Log Horizon Volume 1

“Everybody has got to die, but I’ve always believed an exception would be made in my case.” – William Saroyan. 

Anime set in the world of gaming have been popular recently, especially series like Sword Art Online which has attracted both love and hate from anime fans. A more recent and less divisive anime appears to be Log Horizon, the second series of which has just finished streaming. Now the first series is currently being released by MVM, so it seems a good time to compare the merits of the two.

Log Horizon takes place in the video game “Elder Days”, which is set in a fantasy world based on the real world, only reduced to half its real size. When the 12th expansion pack was released some form of error occurred, which is now known as the “Apocalypse”. As a result, over 30,000 Japanese players left the real world and are now stuck in Elder Days itself. The players soon discover some horrible truths: they cannot communicate with the outside world, almost all food has no flavour to it whatsoever, and if you die in the game all that happens is that you are brought back to life again. Thus everyone is imprisoned, seemingly for life, in this virtual world.

The story locates itself in Akiba, the game’s version of Akihabara, and begins with one player named Shiroe, a master strategist and dubbed the “Villain in Glasses”, who plays a supporting “Enchanter” in the game. He is one of the game’s most famous players, but is not a member of any of the large “guilds” of players. Shiroe soon meets up with old friend Naotsugu, who plays a defensive “Guardian”, and a short female “Assassin” called Akatsuki, who offers her services to Shiroe after he gets rid of the uncomfortable male avatar she originally used in the game. Together they decide to team up.

First they visit an old friend, the head of the Crescent Moon Alliance guild, Marielle, who has the annoying habit of hugging everyone she meets; and her friend Henrietta, who has the annoying habit of wanting to make Akatsuki look as cute as possible. Marielle asks Shiroe for his help in rescuing one of their guild members, a young girl “Druid” (healer) named Serara, who is currently being protected by an old friend of Shiroe’s, Nyanta, an anthropomorphic cat “Swashbuckler” (duel weapon user). Shiroe, Nyanta, Naotsugu and some others used to be part of an informal group of elite players known as “Debauchery Tea Party”. Shiroe agrees to take up the task, which in turn begins to set up a chain of events to try and make their world a better place by forming his own guild: “Log Horizon”.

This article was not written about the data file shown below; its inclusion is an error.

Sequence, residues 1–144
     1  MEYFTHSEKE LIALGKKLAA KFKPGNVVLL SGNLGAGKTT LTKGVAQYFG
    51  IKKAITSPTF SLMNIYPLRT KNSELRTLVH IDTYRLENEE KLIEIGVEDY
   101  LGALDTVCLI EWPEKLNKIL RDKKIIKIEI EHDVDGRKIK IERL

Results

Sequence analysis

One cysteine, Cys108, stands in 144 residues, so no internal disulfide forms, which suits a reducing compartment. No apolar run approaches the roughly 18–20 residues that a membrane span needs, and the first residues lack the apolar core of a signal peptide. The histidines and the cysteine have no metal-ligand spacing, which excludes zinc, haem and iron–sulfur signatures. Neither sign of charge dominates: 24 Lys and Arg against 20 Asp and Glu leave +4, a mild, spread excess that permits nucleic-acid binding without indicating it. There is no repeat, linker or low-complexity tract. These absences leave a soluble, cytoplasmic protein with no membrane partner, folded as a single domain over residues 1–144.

There are plenty of similarities to SAO: both series are based on light novels; both these light novels and their manga adaptations are released by Yen Press in English translation; both are set in the world of video games; and all the characters are trapped in a virtual world and cannot get out.

In terms of differences, the first is that in SAO the main driving force of the story is that if you are killed in the game, you die in real life. In Log Horizon you just get brought back to life, again and again, with no chance of escape. Arguably SAO‘s plot is more dramatic because of the “life-and-death” aspect. However, Log Horizon‘s idea of being forever trapped also has a strong appeal. It is akin to the afterlife, with the characters in a form of virtual Purgatory with seemingly no chance of escape. Also, Log Horizon is set in just one game whereas SAO takes place in various worlds.

Another key difference is that the roles of the characters in SAO tend to be “black-and-white”. Kirito is very clearly the hero and the baddies are very clearly baddies, resorting to various vile deeds including the sexual. Shiroe however could be described as being more of an antihero: he is constantly manipulating events behind the scenes, with some versions of the story in other media describing him as “Machiavelli with Glasses” rather than just “Villain with Glasses”.

The other characters are also very different. In SAO they tend to be basically all human or humanoid (e.g. fairies). In Log Horizon there are humans, elves, dwarves, kemonomimi, and purely anthropomorphic animals. This is one of the few anime around which features regular characters that you could describe as “furries”. The only other example I can think of is Chopper from One Piece.

In terms of production, the animation is average. The music – by Yasuhara Takanashi –  is good. The main theme, “database” by Man with a Mission featuring Takuma is cool, and is one of those anime theme songs that is sung in both Japanese and English. The end theme, “Your song” by Yun*chi is also nice, but I prefer “database” personally.

There are some minor issues with the subtitles. In one scene an ID of one of the characters appears naming the character “Isaac”, but straight after this Shiroe refers to him as “Issac”. Also, the only extras in this collection are clean opening and closing themes.

Both Log Horizon and SAO have their merits. SAO has the thrills, but Log Horizon is more cerebral. They are both entertaining in their own ways.

8 / 10

Ian Wolf

Ian works as an anime and manga critic for Anime UK News, and is also the manga critic for MyM Magazine. Outside of anime, he also is the editor of On The Box, data specialist for the British Comedy Guide, is QI's most pedantic viewer, and has appeared on Mastermind.

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